Forerunners did need an executive branch, but only the functional components. Decision making was based on standards, established through experience. Actions were executed by officers who had ascended to their positions through meritocracy, who knew the standard procedures, and who could execute them perfectly.
No, the council was not composed of power-wielding rulers and dictators. It was composed of the most ancient and wisest of the Forerunners. It was a Patriarchal and Matriarchal council composed of those who had walked the entire path and who were present when each law and each procedure was tried and tested, found to be perfect, and set in stone. Executive officers like Pericles did not come before the council for governance; they came in the rare instance of an anomalous situation, or the even rarer instance of an executive deviation.
"Pericles tel Anorum," a soft female voice hailed.
The gentle tones of her melodic words reverberated off the ancient walls and filled the chamber.
"What counsel do you seek?" she asked.
Pericles was enchanted by the beauty of the matriarch's voice. It was not what he expected. He thought perhaps she would sound older, more mature and motherly; instead, he heard the angelic voice of what sounded like a young girl, barely approaching womanhood. He wondered what she looked like; he wondered if her physical beauty matched the exquisiteness of her voice. Despite his curiosity, he managed to timidly hold his gaze downward in reverence. Pericles paused for a moment. He knew that it was now his turn to speak, but he struggled to gather his thoughts and find the words. His mind had drifted.
Suddenly the golden threads beneath his feet shimmered and ignited in a wash of brilliant white light that surged outward across the floor in a wave of luminescence. The chamber hummed with energy, and a crystalline tinkling faintly drifted from the ceiling as the walls lit up in blinding white radiance. The muggy air seemed to rush from the room as the sharp scent of ions filled Pericles's nostrils. His eyes watered and he instinctively looked upward to follow the wave of light as it pulsed up the walls to the high, arched ceiling. Now in the light he could see the five council members sitting upon their thrones, adorned in white and golden robes. His knees weakened and nearly buckled as he beheld their shining countenances. His mouth opened slightly as his jaw dropped and he felt his breath swept away. He was in complete awe.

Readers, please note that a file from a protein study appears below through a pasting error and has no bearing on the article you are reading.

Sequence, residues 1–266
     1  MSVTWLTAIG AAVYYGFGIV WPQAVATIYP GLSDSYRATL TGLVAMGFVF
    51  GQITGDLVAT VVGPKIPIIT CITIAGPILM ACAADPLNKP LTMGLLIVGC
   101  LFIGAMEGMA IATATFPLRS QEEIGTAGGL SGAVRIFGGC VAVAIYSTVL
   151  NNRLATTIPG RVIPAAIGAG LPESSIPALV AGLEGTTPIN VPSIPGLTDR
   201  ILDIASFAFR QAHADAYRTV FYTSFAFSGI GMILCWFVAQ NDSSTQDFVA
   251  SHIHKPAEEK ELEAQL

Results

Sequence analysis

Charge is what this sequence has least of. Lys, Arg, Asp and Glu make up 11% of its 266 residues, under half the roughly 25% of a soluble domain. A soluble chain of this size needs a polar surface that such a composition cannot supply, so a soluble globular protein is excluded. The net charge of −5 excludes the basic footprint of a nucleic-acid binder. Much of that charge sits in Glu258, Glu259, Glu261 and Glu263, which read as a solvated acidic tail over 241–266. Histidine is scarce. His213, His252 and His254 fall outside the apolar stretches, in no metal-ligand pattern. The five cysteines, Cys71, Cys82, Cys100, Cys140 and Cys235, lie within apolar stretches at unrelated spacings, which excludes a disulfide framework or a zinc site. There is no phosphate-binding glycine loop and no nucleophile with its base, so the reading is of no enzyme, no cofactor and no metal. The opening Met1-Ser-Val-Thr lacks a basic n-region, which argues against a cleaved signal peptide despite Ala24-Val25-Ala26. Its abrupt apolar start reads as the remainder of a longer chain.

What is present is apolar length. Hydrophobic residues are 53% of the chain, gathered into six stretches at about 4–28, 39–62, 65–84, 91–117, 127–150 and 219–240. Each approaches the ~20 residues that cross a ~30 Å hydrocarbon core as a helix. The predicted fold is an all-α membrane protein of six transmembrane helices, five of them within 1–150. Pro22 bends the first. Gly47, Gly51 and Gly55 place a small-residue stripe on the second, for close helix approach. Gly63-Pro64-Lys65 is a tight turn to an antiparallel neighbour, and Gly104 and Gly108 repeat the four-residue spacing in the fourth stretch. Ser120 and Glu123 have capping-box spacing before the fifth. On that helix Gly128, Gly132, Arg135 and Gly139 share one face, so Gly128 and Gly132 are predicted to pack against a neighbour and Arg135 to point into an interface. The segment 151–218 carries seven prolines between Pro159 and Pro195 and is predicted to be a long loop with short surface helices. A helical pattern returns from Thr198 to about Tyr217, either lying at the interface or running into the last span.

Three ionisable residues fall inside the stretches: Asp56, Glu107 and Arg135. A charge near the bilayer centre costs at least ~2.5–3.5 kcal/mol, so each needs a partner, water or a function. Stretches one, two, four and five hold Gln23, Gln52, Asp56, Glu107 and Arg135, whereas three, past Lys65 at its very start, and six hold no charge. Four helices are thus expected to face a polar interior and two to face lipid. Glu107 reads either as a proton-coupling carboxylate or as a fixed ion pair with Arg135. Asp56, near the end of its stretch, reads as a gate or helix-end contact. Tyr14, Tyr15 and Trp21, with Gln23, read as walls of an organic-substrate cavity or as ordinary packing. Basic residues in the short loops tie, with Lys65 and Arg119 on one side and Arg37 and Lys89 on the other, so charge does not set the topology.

These were not Forerunners, he thought. They couldn't be. Not ancients! Even Forerunners showed some signs of aging, not the weakness and decay of other races, but faint lines and slight wrinkles from well-worn expressions and frequent emotions. They at least exhibited the normal changes in structure and size that come from transitioning from childhood to adulthood. These beings were different though. It was as if they were preserved in their perfection at the horizon of their youth, and they were beautiful, the most beautiful beings he had ever seen. The three patriarchs were vibrant and handsome, but the two matriarchs defied description. They were, as he had imagined moments earlier, exquisite.
Pericles felt himself cowering toward the floor as he looked up mesmerized. One of the two matriarchs smiled at him and her throne began to descend. He looked away ashamed of his inability to conceal his enthrallment.
"Pericles," she said gently, "Do not be troubled. You are not the first to look upon us with wonder."
Her words were hypnotic and strangely comforting; he did not look up but stammered and asked hesitantly, "What are you?"